What should one do when blamed for something that is not your fault? St. Teresa of Jesus counsels us to avoid giving self-defense, since it is not good for one to make excuses a habit. She says that “not making excuses for oneself is a habit characteristic of high perfection, and very meritorious.” (Way, Ch 15:1)
Ever so in tuned with human nature, she notes that even she at times reasons that it is a greater virtue to make an excuse for oneself and at other times it is lawful to do so. However, humility and discretion are both necessary to determine when it calls for one to be silent and when one should speak up. This is especially so when one is being accused without fault. There is no reason to excuse oneself when being accused of something that is not your fault, that is, unless the case is “where not telling the truth would cause anger or scandal”. (Way, Ch 15:1)
When to excuse oneself or not needs discretion. Discretion requires thought about the situation.
Will I cause offense if I speak? Is what I am about to reveal private information? Does this person really need to know?
Discretion requires one to think about the situation and decide what should be done. Humility is also needed in order to refrain from making excuses. The truly humble do not have any desires to be held in high esteem by anyone. Neither do they care if they are “condemned without fault even in serious matters”. (Way, Ch 15:2)
For St. Teresa this is the way for one who desires to imitate the Lord and to receive strength from no one but God. She sees this action as a a great interior virtue and as a penance that doesn’t do any harm to the body. Though the practice of this type of mortification can be difficult at first, especially if one has a sensitive nature, but with practice, and grace, this self-denial and detachment from oneself can be attained.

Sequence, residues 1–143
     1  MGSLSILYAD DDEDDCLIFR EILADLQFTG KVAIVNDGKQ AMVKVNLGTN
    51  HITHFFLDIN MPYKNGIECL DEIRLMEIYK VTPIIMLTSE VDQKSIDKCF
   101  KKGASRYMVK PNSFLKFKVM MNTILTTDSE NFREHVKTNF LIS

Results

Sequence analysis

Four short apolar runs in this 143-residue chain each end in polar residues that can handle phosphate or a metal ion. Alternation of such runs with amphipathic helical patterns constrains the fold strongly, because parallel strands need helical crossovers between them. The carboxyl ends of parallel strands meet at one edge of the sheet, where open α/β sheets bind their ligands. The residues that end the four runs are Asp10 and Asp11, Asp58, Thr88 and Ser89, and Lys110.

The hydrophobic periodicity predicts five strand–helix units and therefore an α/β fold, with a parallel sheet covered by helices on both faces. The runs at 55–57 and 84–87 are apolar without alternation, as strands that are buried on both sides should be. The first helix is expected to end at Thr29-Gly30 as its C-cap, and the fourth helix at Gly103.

St. Teresa said that she was “always happier that they speak about what is not true” of her than of what was true. (Way, Ch 15:3) She goes on to say the if we really think about things, we are never totally without fault. Only Jesus can make that claim. Therefore she states, “even though we are blamed for faults we haven’t committed, we are never entirely without fault.” (Way, Ch 15:4)
St. Teresa also reminds us that we should “never think that the good or evil you do will remain a secret.” (Way, Ch 15:7) She says that if it is needed, there will be someone to come and defend you. She tells us to “observe how the Lord answered for the Magdalene both in the house of the Pharisee and when her sister accused her.” (Way, Ch 15:7) So, too, will he do so for us. Someone will come to our defense, if it is necessary. And if no one comes to do so, we shouldn’t think about being defended because it wasn’t necessary. Instead we should rejoice in the freedom we are obtaining when we don’t care what others are saying about us.
“It calls for great humility to be silent at seeing one condemned without fault.”
St. Teresa of Avila